Ask most people why they are concerned about asylum and immigration and they say it's because they are worried that the NHS, schools and housing are overstretched. But every time Howard opened his mouth on these issues it conjured up memories of Thatcher, like Banquo's ghost haunting the election campaign. And Blair was able to use that as a spectre to scare a section of voters who had been turned off Labour into reluctantly voting for them as the 'lesser evil'. In fact, Blair's election strategy could be summed up as 'vote for us we're not the Tories'
Having suffered a third Tory defeat, Howard may not survive long as party leader. But serious divisions are now likely to open up about where the party should go from here
Posing (falsely) as the anti-war party it was the Liberal Democrats who benefited most from the discontent with Blair and New Labour over war in Iraq in particular, with some very big swings from Labour to the Liberals in traditional Labour seats. But they did less well in seats they were expecting to take from the Tories, revealing the impossibility of facing in two directions at the same time. The Liberals made some gains but they have failed in their aim of replacing the Tories as the second party of big business.
Respect also made gains in constituencies with large Muslim populations, in particular in Bethnal Green and Bow where former Labour MP George Galloway beat Labour's Oona King. In Brighton Pavilion the Green Party secured 22% of the vote and the Socialist Party and other anti-establishment parties gained creditable votes in many areas.
The results for left anti-establishment parties gave a glimpse of how a new workers' party could begin to channel the anti-Labour mood and give a real voice to working-class people. At the same time, the results for the BNP show how, in the absence of such an alternative, discontent can also be reflected to the far-right.
BLAIR WAS determined that the economy should be centre stage in the election campaign.
He and Brown boasted of eight years of uninterrupted economic growth - the longest since records began. And there's no doubt that this was one factor in Labour's victory. It was one of the few issues which people gave New Labour a positive rating on.
But the collapse of MG Rover, with the loss of over 20,000 jobs, put the economy under the spotlight in a way neither Blair nor Brown wanted.
The closure of the last British volume car producer revealed the feeble state of British manufacturing - 600 manufacturing jobs are being decimated every day. And, in the words of the Financial Times, what happened at Rover unmasked the 'ugly face of capitalism'.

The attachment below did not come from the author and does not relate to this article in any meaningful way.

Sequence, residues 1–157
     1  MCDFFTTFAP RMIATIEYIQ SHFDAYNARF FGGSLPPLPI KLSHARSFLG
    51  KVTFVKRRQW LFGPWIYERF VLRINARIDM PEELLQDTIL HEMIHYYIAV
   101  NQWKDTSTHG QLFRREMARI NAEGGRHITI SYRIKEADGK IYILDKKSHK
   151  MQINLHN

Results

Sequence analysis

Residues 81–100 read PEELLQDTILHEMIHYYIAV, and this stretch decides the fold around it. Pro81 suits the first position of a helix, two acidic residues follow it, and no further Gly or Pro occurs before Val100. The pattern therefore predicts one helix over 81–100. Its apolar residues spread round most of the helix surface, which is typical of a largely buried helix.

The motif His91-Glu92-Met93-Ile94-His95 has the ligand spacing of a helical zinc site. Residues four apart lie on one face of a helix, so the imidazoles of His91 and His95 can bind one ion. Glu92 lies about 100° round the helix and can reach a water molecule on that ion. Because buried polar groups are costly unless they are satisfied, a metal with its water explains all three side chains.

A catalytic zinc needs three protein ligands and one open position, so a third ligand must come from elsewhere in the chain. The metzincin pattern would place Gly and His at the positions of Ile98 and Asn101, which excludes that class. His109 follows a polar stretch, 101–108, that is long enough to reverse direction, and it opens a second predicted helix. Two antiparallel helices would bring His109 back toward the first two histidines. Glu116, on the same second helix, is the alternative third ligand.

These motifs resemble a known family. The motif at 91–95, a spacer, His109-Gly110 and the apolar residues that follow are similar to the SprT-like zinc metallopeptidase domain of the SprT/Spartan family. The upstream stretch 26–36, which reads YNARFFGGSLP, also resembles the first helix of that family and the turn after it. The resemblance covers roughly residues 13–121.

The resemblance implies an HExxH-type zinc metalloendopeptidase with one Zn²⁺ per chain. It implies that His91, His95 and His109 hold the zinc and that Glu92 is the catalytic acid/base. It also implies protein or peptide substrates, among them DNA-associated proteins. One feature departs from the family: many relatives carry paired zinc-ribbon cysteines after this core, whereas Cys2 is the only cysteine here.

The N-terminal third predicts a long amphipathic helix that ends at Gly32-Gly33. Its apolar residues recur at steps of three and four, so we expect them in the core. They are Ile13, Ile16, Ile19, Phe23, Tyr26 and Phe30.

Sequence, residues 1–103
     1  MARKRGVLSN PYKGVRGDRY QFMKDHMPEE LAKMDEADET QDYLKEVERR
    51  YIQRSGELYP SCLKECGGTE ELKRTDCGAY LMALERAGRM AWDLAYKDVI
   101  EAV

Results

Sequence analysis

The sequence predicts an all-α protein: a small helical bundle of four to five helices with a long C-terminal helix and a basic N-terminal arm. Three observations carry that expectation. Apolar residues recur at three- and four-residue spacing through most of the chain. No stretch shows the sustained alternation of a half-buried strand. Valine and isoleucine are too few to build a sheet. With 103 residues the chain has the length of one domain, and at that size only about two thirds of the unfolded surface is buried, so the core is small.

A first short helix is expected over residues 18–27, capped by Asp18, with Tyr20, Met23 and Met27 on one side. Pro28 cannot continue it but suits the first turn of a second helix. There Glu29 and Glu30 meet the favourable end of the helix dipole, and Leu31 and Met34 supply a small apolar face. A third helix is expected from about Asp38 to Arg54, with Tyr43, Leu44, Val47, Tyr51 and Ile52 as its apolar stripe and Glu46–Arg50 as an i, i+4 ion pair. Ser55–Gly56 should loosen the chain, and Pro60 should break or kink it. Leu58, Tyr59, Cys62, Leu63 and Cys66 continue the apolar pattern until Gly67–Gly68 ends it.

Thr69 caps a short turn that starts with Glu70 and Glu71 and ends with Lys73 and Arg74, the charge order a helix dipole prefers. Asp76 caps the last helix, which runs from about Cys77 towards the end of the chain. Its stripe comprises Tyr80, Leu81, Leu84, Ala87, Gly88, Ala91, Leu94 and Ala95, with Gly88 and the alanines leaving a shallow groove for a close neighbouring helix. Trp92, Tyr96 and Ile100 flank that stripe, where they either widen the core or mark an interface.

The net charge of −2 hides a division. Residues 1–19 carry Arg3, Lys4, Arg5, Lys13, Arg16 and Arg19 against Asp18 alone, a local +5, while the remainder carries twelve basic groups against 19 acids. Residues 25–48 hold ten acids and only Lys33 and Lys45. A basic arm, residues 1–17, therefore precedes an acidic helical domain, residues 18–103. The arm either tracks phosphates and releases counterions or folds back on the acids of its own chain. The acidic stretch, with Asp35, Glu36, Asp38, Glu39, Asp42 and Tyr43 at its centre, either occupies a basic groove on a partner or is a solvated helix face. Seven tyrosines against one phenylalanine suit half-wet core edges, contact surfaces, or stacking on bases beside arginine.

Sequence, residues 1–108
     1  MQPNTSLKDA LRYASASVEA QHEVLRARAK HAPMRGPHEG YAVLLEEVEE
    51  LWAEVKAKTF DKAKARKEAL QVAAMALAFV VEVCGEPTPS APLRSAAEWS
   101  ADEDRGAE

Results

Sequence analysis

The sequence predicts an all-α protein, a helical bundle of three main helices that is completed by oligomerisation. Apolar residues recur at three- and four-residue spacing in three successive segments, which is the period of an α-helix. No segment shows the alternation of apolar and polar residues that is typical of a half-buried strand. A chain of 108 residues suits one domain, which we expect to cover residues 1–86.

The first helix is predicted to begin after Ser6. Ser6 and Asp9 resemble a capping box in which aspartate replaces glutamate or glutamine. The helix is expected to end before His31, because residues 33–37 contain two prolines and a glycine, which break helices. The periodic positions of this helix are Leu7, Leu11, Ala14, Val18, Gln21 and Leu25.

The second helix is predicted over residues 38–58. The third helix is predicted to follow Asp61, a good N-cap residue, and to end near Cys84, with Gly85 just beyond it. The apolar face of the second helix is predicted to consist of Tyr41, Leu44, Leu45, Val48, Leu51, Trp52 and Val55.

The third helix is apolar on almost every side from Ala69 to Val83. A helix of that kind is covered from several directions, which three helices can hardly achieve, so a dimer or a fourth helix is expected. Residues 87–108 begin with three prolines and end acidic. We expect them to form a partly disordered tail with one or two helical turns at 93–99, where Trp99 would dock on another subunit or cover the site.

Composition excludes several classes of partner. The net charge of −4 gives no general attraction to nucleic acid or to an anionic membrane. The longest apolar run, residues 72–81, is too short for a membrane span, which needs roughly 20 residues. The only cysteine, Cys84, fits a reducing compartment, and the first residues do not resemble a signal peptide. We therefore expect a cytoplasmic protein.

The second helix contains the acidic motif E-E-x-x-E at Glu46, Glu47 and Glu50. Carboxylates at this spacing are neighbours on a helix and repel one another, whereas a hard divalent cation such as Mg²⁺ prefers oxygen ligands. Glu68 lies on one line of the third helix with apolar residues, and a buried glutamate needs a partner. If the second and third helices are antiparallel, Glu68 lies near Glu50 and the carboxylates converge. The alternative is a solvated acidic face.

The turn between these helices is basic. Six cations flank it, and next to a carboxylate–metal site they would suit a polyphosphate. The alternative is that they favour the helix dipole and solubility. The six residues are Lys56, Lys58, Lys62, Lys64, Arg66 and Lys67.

Of course, they would have us believe that there is a 'nicer' face; that the Phoenix Four were particularly unscrupulous and greedy bosses in the way that they milked MG Rover to enrich themselves.
The Economist, however, was more honest when it wrote:
"The idea that these wicked individuals are responsible for what has gone wrong may be comforting but it is also dangerous. It allows people to avoid pinning the blame where it really belongs - on the law of economics...".
Capitalism is by its very nature an exploitative system in which the capitalists compete to maximise their profits at the expense of the working class. Rover's collapse is symptomatic of the underlying crisis of capitalism in Britain and internationally. And it is a pointer to future economic convulsions which will shake Brown and Blair's optimism and the system they represent.
The British economy, as with the rest of the world, is heavily reliant on the health of the US 'economic engine', but this is being fuelled by massive levels of debt which are unsustainable.
"Circumstances seem to me as dangerous as any I can remember" said Paul Volker, who was chairman of the American Federal Reserve from 1979 to 1987, "and I can remember quite a lot".
An unravelling US economy will have a disastrous effect on the emaciated British economy. The warning signs are already there. Last year take-home incomes fell on average in real terms.
Growth in the housing market is slowing down and house repossessions went up by 35% in one year. This is already impacting on people's ability and willingness to spend, particularly given the high levels of personal borrowing and debt which is increasing at the rate of £1 million every four minutes! Retail sales are at their weakest for 13 years.
"The central charge is that the UK appears worst placed, if there were a global slowdown in the next few years"wrote Hamish McRae in The Independent (20 April) "... you could say that - on economic grounds - this is one [election] you want to lose."